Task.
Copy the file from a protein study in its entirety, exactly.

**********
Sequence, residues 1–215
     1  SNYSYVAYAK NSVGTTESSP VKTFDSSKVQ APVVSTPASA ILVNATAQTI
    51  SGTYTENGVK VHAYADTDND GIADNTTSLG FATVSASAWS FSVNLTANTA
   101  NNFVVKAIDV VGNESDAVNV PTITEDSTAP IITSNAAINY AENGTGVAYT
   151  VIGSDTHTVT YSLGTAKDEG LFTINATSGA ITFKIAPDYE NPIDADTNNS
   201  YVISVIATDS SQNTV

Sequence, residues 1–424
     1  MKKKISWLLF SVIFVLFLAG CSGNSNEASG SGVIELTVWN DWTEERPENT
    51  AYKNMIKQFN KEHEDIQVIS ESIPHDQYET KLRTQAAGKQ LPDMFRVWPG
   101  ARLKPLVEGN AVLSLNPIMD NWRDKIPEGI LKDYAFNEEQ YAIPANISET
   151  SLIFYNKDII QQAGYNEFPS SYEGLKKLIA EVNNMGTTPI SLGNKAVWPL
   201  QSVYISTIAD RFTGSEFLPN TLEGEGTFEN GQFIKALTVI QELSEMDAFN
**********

Sequence, residues 1–215
     1  SNYSYVAYAK NSVGTTESSP VKTFDSSKVQ APVVSTPASA ILVNATAQTI
    51  SGTYTENGVK VHAYADTDND GIADNTTSLG FATVSASAWS FSVNLTANTA
   101  NNFVVKAIDV VGNESDAVNV PTITEDSTAP IITSNAAINY AENGTGVAYT
   151  VIGSDTHTVT YSLGTAKDEG LFTINATSGA ITFKIAPDYE NPIDADTNNS
   201  YVISVIATDS SQNTV

Sequence, residues 1–424
     1  MKKKISWLLF SVIFVLFLAG CSGNSNEASG SGVIELTVWN DWTEERPENT
    51  AYKNMIKQFN KEHEDIQVIS ESIPHDQYET KLRTQAAGKQ LPDMFRVWPG
   101  ARLKPLVEGN AVLSLNPIMD NWRDKIPEGI LKDYAFNEEQ YAIPANISET
   151  SLIFYNKDII QQAGYNEFPS SYEGLKKLIA EVNNMGTTPI SLGNKAVWPL
   201  QSVYISTIAD RFTGSEFLPN TLEGEGTFEN GQFIKALTVI QELSEMDAFN